The social science disciplines tend to view the self as a contaminant. The unique, inner life of the observer, the researcher, is to be separated, neutralized, standardized, and controlled. At the same time, the observer is expected to use the self in understanding the world. Susan Krieger, a sociologist trained in traditional social science, argues in this controversial book that this view of the self needs to be altered. Social scientists should develop their individual perspectives in their work and ought to acknowledge, more honestly than they do, the extent to which their studies reflect their inner lives.
The argument in this book is based in the author's own experience, reflecting her own need to speak more directly through her social science. This book is also about that struggle with standard forms and traditional styles of expression. It is about a social science that is more subjective, idiosyncratic, ambivalent, conflicted--about the inner life and experiences that cannot be measured, tested, or fully shared.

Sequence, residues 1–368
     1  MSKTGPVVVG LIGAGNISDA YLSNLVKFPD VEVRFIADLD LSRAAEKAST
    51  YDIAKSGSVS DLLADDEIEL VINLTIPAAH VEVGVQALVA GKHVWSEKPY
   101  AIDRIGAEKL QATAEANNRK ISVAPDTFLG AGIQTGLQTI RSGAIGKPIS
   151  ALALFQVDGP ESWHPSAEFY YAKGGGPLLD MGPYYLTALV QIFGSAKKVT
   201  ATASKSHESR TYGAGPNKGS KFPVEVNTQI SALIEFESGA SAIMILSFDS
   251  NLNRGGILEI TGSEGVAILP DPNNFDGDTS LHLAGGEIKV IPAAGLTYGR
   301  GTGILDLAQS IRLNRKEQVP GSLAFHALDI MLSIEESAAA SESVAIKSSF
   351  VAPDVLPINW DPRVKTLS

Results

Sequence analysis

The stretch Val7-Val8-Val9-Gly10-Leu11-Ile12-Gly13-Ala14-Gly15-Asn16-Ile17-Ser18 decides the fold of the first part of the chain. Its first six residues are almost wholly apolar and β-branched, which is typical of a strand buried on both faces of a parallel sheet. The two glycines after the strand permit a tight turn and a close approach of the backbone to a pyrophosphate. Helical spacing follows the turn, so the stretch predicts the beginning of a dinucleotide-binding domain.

Beginning with a discussion of her own training, Susan Krieger proceeds to consider both personal and general issues that arise in writing social science. She compares the work of a mystery writer and an anthropologist, investigates the writings of Georgia O'Keeffe, and examines ideas of self and community among Pueblo Indian potters. In concluding chapters, she returns to her own teaching and research experiences--and the experiences of her colleagues, other women wrestling with similar issues. The voices of eight other feminist scholars complete the book with their various and yet harmonious reflections on the relationship between self and form in their work.
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